It’s pretty clear now why Eagles coaches tabbed Nate Allen over Earl Wolff in the competition to start opposite safety Malcolm Jenkins without giving Wolff much of a chance to run with the first team.
Allen has quickly joined Brent Celek, Cedric Thornton, Jason Kelce and Brad Smith as players who get extra heavy doses of praise at the podium.
On Wednesday, defensive coordinator Bill Davis called Allen a “mentally tough young man” who pulled his career out of the doldrums and emerged into a reliable piece of an improved defense despite the rampant criticism he’s endured throughout his career.
“I mean, what he's gone through and his development and the trials and tribulations he's had and the heat he's taken in his career in Philadelphia has not fazed him,” Davis said. “In my two years with him -- or year-and-a-half now -- he comes to work the same guy every day and he puts his head down and takes notes and he works and he works. He practices hard and he's there every day with the same attitude.
“So, I love to see him growing like he is and finally settling in and making plays. I think that's a testament to his mental toughness and his character of how he is and has not been fazed by the ups and downs that he's had early on and hopefully we have a lot of ups in his future.”
Allen started all 17 games last year, his first season in which he hasn't missed at least three games. His 94 tackles marked a career high. He even returned an interception 43 yards, another career best. In the offseason, he signed a one-year free-agent deal to return and “compete” with Wolff to start.
Allen started all three preseason games and rested for the fourth, a sign that he’d won the job, which he did easily.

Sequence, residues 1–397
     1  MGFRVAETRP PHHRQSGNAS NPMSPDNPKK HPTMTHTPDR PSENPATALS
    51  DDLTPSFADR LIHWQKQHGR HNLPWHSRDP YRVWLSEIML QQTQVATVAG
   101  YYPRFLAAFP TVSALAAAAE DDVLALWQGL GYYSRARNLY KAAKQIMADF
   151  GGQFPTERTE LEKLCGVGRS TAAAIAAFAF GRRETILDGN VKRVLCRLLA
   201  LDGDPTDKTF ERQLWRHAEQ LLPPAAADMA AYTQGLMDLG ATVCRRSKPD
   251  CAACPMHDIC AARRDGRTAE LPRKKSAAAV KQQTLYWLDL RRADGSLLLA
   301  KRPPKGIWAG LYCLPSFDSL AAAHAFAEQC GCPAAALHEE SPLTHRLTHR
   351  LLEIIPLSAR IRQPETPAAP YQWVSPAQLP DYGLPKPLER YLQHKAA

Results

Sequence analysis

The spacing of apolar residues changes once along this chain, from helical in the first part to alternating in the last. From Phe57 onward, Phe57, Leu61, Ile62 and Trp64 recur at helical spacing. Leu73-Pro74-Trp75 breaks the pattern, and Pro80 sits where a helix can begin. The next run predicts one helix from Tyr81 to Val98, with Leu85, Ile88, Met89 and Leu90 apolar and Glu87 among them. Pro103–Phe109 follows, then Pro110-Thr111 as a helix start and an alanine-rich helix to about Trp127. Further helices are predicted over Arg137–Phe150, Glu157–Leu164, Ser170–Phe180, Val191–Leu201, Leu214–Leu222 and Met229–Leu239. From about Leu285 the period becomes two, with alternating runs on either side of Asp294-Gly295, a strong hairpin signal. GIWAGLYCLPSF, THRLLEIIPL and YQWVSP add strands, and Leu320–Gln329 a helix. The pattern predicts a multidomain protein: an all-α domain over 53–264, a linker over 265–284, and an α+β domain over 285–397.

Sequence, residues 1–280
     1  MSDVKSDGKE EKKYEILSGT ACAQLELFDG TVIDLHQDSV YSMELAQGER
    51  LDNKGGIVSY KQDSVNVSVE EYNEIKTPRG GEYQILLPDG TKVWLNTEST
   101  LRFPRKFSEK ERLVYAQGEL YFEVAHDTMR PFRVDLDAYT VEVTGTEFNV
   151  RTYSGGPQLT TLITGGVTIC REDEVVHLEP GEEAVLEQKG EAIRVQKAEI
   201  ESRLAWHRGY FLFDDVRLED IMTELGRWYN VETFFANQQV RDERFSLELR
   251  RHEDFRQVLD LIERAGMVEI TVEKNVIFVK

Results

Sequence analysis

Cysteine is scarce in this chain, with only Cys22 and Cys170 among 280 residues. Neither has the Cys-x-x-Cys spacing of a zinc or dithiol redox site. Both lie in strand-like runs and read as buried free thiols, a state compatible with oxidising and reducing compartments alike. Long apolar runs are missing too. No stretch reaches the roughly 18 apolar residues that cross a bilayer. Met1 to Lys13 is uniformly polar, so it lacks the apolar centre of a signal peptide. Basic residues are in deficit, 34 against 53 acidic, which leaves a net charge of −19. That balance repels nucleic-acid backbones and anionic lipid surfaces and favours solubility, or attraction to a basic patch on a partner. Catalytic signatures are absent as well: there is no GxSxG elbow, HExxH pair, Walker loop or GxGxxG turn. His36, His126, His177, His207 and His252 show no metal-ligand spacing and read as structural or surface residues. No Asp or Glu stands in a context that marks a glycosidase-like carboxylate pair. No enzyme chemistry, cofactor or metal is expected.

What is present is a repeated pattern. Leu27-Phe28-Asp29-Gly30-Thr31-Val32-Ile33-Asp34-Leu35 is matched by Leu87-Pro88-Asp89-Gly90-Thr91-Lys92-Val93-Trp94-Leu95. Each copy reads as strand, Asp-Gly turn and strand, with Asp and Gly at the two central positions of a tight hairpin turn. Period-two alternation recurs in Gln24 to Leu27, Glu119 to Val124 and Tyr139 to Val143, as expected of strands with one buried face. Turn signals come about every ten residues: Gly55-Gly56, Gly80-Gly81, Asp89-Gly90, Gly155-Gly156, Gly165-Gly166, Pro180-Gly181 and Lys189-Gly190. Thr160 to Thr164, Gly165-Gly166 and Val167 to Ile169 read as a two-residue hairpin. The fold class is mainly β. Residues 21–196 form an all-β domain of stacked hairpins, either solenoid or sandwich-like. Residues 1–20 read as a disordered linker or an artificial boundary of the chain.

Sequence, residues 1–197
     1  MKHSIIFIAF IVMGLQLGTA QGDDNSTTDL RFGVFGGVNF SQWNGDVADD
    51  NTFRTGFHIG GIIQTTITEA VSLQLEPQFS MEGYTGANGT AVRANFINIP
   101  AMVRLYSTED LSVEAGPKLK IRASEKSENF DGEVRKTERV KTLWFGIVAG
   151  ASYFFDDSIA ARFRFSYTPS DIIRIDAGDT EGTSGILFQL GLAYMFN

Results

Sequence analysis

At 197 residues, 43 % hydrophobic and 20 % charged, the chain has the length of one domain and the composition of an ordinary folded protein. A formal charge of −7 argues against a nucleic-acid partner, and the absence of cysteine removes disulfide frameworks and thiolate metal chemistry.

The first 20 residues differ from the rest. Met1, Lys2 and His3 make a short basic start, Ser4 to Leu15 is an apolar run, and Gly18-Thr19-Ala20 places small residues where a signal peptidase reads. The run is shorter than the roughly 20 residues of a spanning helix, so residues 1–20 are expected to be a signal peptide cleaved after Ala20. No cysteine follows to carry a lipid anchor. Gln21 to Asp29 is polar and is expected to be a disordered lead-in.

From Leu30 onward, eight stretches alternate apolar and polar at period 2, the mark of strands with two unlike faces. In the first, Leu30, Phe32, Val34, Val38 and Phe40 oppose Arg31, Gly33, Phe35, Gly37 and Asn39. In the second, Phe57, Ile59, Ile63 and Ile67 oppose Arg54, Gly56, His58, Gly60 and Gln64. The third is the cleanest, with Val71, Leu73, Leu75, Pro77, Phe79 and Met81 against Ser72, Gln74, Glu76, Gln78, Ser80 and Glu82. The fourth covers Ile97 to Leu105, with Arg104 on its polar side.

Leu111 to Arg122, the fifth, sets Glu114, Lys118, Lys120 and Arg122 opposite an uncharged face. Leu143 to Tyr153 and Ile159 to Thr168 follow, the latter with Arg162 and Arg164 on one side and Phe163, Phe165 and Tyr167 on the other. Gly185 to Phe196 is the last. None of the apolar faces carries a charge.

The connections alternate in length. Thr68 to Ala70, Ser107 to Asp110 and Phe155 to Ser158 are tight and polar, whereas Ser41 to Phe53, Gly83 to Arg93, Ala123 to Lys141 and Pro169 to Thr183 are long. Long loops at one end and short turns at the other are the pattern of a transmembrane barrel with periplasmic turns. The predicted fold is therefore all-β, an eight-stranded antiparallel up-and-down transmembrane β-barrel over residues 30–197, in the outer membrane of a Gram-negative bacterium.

Allen recently told CSNPhilly.com that he felt like a survivor given all the safeties the Eagles had brought in over the past few years to take his job (see story).
While guys like Mychal Kendricks, Brandon Boykin and Vinny Curry are more often mentioned as 2014 breakout candidates, Allen’s name should get tossed into the mix. On Thursday, head coach Chip Kelly echoed Davis’s sentiment on Allen’s resiliency.
“The one thing I love about Nate, I’ve seen the same Nate since the first day we’ve been here till today,” Kelly said. “He’s got a great demeanor about himself. He’s one of those guys you can just label professional. He comes here every single day just trying to get better.
“Nate’s not a guy that has bad days. Sometimes you see a guy walking down the hall and all of a sudden their shoulders are slumped or something is bothering them or whatever. Nate’s not that type of guy. He’s coming here every single day with a mindset that he’s gonna get better and I’ve seen that from him.
“He’s striving to constantly improve and that’s a real admirable quality to have. I think you have to be mentally tough to do that. No matter what’s gone on, you’re not controlling your life throughout outside influences. I think Nate is a prime example of that, so I agree with Bill that he’s a real mentally tough guy.”
Another reason for a potential Allen breakout? This is his first season working the same coaching staff as the year before.
In his first four years, Allen had three different defensive coordinators (Sean McDermott, Juan Castillo, Todd Bowles) and four position coaches (Dick Jauron, Mike Zordich, Bowles and Bobby April III).
“I just think he has a better knowledge, a better experience, things have slowed down for him mentally,” Kelly added. “You could see him start to process things at a quicker rate just because he’s a lot more comfortable.
“He was a guy who was in a lot of different systems and had a lot of different coaches in the last couple of years. So I think he’s handled it really well, and it’s a positive for him that Billy is still here, John (Lovett) is still here, Todd (Lyght) is still here, the defensive scheme and the coaches on that side haven’t changed and I think he’s really benefited from that.”